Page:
13 SEPTEMBER 2003, Page 63

A brave stance to take

Anita Brookner

ELIZABETH COSTELLO by J. M. Coetzee Seeker and Warburg, £14.99, pp. 233 ISBN 0436206161 Elizabeth Costello is a celebrated writer and thinker who is invited to address selected audiences, on college campuses, on cruise ships, in writers' workshops. She is famous on the strength of an early novel which she would prefer to forget but to which her name is permanently attached. These days she has more urgent matters in her sights. The honorary degree ceremonies at which she speaks are largely supernumerary: what matters is the peroration, delivered here unvarnished by any obvious fictional device. Thus the novel is really a series of lectures, to which few personal details adhere. Her loyal but embarrassed son is in attendance, but in fact Elizabeth has gone beyond the usual attachments. What she delivers in fact is the story of a life, her life, disguised or packaged as a statement of ethical concerns. She makes no concessions to her listeners.

Elizabeth is 66, by which age she knows that most things and almost all people are inauthentic, not to be taken at face value, or to be believed as they present themselves. The novels on which she is invited to speak (and she speaks mainly on Kafka) are, she says, nothing if not allowed to proceed from the body. The body is truly and verifiably authentic. The novel is only authentic if it is the embodiment of one person speaking to others who receive it in solitude, the solitude that is their destiny. Naturally this message does not go down too well with those who have come to hear her and who want to know about inspiration. But inspiration is organic: there is no trick to it.

It is even an animal function, says Elizabeth, addressing an even less appreciative audience. In this case why deny animals their authority by commodifying them and ultimately eating them? The inmates of Treblinka are spoken of as victims, their persecutors as beasts. less than human. Why not pursue this analogy? (At this point the reader shifts restlessly, rather, one supposes, as do certain of her listeners.) The writer, by virtue of his or her organic gifts, should, more than most, extend this faculty not only to fellow humans but, so to speak, to fellow animals. To speak of animal rights is specious: there are no definable rights. One can only expose or expound, as Elizabeth is doing. And of course one will not eat meat.

This is the tenor of Elizabeth's discourse. And she is not done yet. Also in the frame (although she clings to the subject of animals for far too long, refuting Descartes, saluting Ted Hughes) are: even more specious textual scholarship, the idea of Hellenism held up as a redemptive force. Western standards proposed as a solution to the problems of African populations... To be fair she is not always supreme and unchallenged on her podium. She is, specifically, held to account by her sister, a Roman Catholic nun, whom she encounters in an even more unlikely setting. Sister Blanche makes a case for Christian charity, giving as an example humble people who work with their hands. From their perspective, as is the case with the native sculptor, Joseph, a Gothic Christ in agony is far more persuasive than all the splendours of the Renaissance.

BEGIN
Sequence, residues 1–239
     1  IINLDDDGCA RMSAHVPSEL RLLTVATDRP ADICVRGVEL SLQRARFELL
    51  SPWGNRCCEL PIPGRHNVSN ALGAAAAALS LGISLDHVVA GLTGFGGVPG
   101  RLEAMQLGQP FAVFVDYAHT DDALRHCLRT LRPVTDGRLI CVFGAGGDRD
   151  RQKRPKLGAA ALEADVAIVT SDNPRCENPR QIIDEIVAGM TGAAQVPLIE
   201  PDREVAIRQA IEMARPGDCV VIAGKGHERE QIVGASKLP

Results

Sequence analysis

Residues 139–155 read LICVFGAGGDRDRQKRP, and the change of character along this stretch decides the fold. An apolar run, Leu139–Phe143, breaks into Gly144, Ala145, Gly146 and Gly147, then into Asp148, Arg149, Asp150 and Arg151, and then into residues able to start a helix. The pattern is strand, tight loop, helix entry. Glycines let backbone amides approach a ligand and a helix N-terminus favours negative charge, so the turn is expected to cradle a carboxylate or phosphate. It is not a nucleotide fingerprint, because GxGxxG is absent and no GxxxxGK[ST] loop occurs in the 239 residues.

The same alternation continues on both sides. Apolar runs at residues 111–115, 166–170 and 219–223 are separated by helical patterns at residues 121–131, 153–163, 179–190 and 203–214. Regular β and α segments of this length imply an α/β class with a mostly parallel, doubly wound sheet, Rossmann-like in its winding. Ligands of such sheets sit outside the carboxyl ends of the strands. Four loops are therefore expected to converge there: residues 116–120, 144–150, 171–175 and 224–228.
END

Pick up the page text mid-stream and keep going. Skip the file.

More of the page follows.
Elizabeth is momentarily disconcerted. She is less confident, less oracular, when she comes to the subject of evil, less confident, perhaps, because more personally involved. Years ago she was the victim of an attempted rape; more recently she has read a novel about Hitler's executioners, and is thus able to relate this experience to her own, but with a difference. She has kept silent about the rape, whereas the author of the novel has sought to make the horrors explicit and public. This is the novelist as Satanist, or even as Satan. She reaches no conclusion about this, but feels in some way that the novelist has let the genie out of the bottle, is in fact cornplicit. She is old, she knows; she has become prim, but she feels that the novelist, any novelist, must be extremely circumspect if he is not to contaminate the reader through his own contamination, his own excitement, the excitement of writing. This idea is so subversive that it leads to a more telling collapse, a failure of nerve.

Musing on the old and their ineluctable fate Elizabeth comes close to a revelation. She sees herself at a gate, and is asked by the gatekeeper to fill in a form stating her beliefs. She has none, she says; she is a writer, without prejudice. She is told to reapply, and does so. This time she is before a jury, who repeat: what are her beliefs? She believes, she says, in the life-cycle of frogs. This apparently satisfies her judges. But she is not let through the gate. She retreats, apparently free, to an indeterminate and not unpleasant urban setting. At some point, she decides, she will go in search of a typewriter.

This is a novel by a man speaking (rather than writing) as an old woman. It is therefore doubly, even triply, inauthentic — a brave stance to take. It is unrelievedly and unashamedly serious; it is not user-friendly. But it contains ideas that have genuine validity as well as interest and thus qualifies as a claim on our attention. It will be interesting to see how it fares in the mixed bag of Booker offerings, and whether this particular voice will hold out against those who merely (merely!) follow their own path.